OBJECTIVE To compare two self-help smoking cessation booklets distributed to callers to a Quitline telephone service in Queensland (Australia).
DESIGN Callers were randomised to receive either a structured 14-day quit programme (Time to quit) or another booklet that described four broad stages of quitting (Can quit). Approximately one month later, these callers were interviewed by telephone.
MAIN OUTCOME MEASURES Self-reported smoking status at one month and recent quit attempts together with process measures.
RESULTS Altogether, 521 callers (78.3%) were interviewed. They were heavier smokers when compared with all Queensland smokers: on average they had smoked for more than 15 years, smoked nearly 25 cigarettes per day, and almost two-thirds had attempted to quit smoking in the past year. In each group, significant proportions either did not begin to use the booklet (50.5–56.0%), or did not complete its use (77.4–82.3%). There were no differences in the self-reported quit rates at one month (17.0%vs 16.1%; p = 0.93). In an ordinal regression modelling procedure involving age, sex, number of recent quit attempts, number of cigarettes smoked per day, smoking status of partner, number of five closest friends who smoke, education, and booklet received, only the number of cigarettes smoked per day was significantly related to smoking status at one month.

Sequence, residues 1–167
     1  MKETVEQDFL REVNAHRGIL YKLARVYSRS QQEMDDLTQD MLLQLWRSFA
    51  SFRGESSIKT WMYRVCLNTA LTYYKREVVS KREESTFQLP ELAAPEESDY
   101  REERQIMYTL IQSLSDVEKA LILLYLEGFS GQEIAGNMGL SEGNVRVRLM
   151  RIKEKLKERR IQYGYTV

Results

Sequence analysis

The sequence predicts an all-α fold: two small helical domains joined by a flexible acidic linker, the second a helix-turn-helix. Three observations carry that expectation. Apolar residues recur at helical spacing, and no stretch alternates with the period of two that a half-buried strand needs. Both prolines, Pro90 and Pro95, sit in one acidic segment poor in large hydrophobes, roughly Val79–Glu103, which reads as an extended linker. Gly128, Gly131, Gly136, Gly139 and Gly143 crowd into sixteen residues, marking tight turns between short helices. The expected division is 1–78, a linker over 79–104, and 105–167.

CONCLUSIONS Callers to telephone Quitline services are typically heavier smokers than the general smoking population, and simple strategies, such as self-help booklets, appear to achieve relatively high success. Nevertheless, there is potential to improve the effectiveness of these materials by making a range of materials available and encouraging callers to make a serious attempt to quit smoking.
- smoking cessation
- self-help materials
- telephone quitlines
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